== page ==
Store signs (招牌) in ancient China started to become common during the Song Dynasty (960-1127). By the time of the Ming (1368-1644) and Qing (1644-1911) dynasties, stores had developed several types of signs to establish their identity.
The first store signs consisted of a simple piece of cloth with some Chinese characters which was hung in front of the door. Often, only “tea house”, “restaurant”, or “drugstore” was written. Sometimes the name of the shop or shop owner was written instead.
Another type of shop sign displayed a sample of the product being sold. For example, a shoe store might hang a shoe from a pole or a tobacco store may have a large wooden model of a tobacco leaf.
Yet another type of store sign that became popular was totally independent of the line of business and relied instead on symbols of “good luck” and “prosperity”, such as ancient Chinese coins or the image of the “God of Wealth” (caishen 财神).
China still retains some of these old sign traditions although they are getting more and more difficult to find among the glitter and clutter of the modern signage now common in the large cities.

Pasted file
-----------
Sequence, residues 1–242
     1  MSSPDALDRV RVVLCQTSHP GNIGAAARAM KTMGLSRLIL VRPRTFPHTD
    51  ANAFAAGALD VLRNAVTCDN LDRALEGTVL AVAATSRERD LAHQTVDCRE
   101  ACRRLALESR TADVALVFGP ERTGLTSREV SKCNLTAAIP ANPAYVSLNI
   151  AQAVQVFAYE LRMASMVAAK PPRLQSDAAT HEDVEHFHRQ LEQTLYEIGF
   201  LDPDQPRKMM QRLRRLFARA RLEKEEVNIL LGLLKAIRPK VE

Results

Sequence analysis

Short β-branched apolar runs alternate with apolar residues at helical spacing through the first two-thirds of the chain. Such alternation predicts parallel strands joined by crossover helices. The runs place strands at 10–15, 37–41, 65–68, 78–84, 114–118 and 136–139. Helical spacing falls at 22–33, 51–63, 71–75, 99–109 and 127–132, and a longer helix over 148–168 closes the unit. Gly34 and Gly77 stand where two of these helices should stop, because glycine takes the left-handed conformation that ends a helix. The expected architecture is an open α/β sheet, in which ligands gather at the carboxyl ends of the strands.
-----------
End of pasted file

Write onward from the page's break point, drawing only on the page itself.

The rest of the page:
The sign at the left is located on a small side street in the city of Luzhou (泸州) in Sichuan Province (四川省). Luzhou is an old city famous for its liquor and spirits.
This particular sign does not identify the name of the store nor does it reveal the line of business but instead expresses a wish for prosperity and good luck.
Strung together are three large coins which decrease in size from top to bottom. These round coins with square holes in the center look exactly like the ancient bronze and brass “cash” coins that the Chinese used for more than 2,000 years.
Interestingly enough, the “coin” in the middle has a traditional Chinese charm inscription. The inscription reads shou xi fa cai (寿喜发财) which translates as “longevity, happiness, and make a fortune”.
Although traditional store signs with the ancient Chinese coin theme are gradually disappearing, the modern era now allows for this symbol of good luck and wealth to be displayed in a new way.
The modern building at the left is shaped like a stack of ancient Chinese cash coins. The 25-story Fang Yuan Building (方圆大厦), which was completed in 2001, is located in the city of Shenyang (沈阳) in Liaoning Province (辽宁省).
The building was designed by the renown Taiwanese architect C.Y. Lee who also designed the “Taipei 101” (台北101) skyscraper which from 2004 to 2010 was the tallest building in the world.
Though on a far grander scale, the Fang Yuan Building continues the tradition of hanging a sign consisting of ancient Chinese coins over the front door in order to welcome customers and bring good fortune.